How can I score a 5 on the AP English Language exam?
By Barbara Swovelin
This is indeed The Big Question!
Let’s first look at the more elemental question, namely,
“What does it take for anyone to get a 5 on the exam?”
After that, we can talk about what it is that you need to do.
Here’s a very rough estimate of what it takes to score a 5
on the overall exam: Multiple-Choice scores of at least 83%
(or higher), plus essay scores in the 8-9 range, although if
one of your three essays gets a score of 7, it’s likely that
you’ll still be OK . These percentages are just ball-park estimates,
and the actual numbers vary from year-to-year, but this info gives
you a feel for what it takes.
Maybe a score of 4? That comes from Multiple-Choice scores
roughly in the 73—83% range and essay scores in the 6-7 range,
although one 5 won’t kill your score.
How about a score of 3? Get Multiple-Choice scores approximately
in the 60—70% range and get 5’s on your essays.
Remember that a 5 on the overall score is equivalent to getting an
A in a college freshman English class, a score of 4 = a B in that
same class, and a 3 = a C.
Now, how do you score a 5?
Of course you already know the answer: practice, practice, practice!
But be sure to practice intelligently.
Track your Multiple-Choice scores as you prepare, getting a
feel for your average percentages. If it turns out that you’re
one of those lucky devils who can score 90%+ consistently, you
should be very happy! But if you’re getting scores in the mid 70%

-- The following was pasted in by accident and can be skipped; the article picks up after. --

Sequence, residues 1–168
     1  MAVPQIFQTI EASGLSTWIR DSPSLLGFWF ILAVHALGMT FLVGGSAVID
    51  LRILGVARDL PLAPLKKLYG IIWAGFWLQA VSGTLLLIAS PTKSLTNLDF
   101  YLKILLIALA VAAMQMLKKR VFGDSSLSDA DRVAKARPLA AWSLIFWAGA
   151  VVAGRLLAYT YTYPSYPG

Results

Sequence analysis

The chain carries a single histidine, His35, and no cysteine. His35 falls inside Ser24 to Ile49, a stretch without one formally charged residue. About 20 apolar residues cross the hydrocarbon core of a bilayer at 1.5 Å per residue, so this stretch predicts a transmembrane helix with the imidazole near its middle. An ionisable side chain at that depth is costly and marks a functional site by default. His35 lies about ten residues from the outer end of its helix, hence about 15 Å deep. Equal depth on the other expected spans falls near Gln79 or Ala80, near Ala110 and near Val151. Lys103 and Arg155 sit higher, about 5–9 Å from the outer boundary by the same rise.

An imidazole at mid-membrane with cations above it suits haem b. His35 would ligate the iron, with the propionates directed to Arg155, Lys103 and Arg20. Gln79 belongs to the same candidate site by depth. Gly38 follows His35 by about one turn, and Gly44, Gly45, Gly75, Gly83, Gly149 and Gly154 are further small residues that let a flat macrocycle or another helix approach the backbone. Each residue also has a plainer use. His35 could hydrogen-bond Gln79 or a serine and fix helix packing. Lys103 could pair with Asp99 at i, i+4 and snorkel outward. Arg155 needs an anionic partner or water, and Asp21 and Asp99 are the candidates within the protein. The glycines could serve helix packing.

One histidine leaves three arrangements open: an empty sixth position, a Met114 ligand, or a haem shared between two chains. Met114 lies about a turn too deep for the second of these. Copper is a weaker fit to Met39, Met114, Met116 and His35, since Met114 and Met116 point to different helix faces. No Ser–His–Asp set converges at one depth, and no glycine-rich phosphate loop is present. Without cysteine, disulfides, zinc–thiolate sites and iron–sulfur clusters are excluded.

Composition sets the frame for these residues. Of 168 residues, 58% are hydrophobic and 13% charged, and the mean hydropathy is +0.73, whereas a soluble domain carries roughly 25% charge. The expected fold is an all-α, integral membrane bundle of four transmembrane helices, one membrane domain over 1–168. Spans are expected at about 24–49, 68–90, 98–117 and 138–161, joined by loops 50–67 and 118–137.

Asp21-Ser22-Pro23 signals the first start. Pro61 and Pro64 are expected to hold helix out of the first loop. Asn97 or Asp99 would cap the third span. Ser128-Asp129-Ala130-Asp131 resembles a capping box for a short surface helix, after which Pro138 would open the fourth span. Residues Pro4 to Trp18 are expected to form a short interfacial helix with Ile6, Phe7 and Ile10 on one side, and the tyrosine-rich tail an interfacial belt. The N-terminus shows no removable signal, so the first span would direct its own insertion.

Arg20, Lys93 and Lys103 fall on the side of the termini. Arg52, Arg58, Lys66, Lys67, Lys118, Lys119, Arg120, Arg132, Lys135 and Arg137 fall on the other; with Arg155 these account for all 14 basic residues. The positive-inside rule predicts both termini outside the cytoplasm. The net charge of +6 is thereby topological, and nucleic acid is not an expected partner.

range, you’ll need to focus on which questions you’re getting wrong.
Look for trends in the questions you miss: Did you work too fast
and miss a key word? Did you misread some of the passage? Did your
answer choice not really answer the specific question? Did you not
know some of the terms that were used in the question and/or answers?
After you spot whatever it is that you’re doing wrong, you can fix it
and get higher scores.
You also need to focus on your essays, of course, since they account
for 55% of your overall score. Practice reading the prompt very carefully,
planning your essays quickly, finishing your essay, and saving time to proofread.
Remember that the scoring guides basically break down into four key points:
(1) write on topic! (2) organize your essay well, (3) develop your ideas
thoroughly, and (4) use sophisticated language and style.
When you concentrate on practicing these skills, you’re on the right road to a better score!
Barbara Swovelin is the author of CliffsNotes AP English Language and Composition with CD-ROM, 4th Edition and
CliffsNotes AP English Language and Composition 4th Edition.
She currently teaches AP and Honors English at Torrey Pines High School in Del Mar, California.
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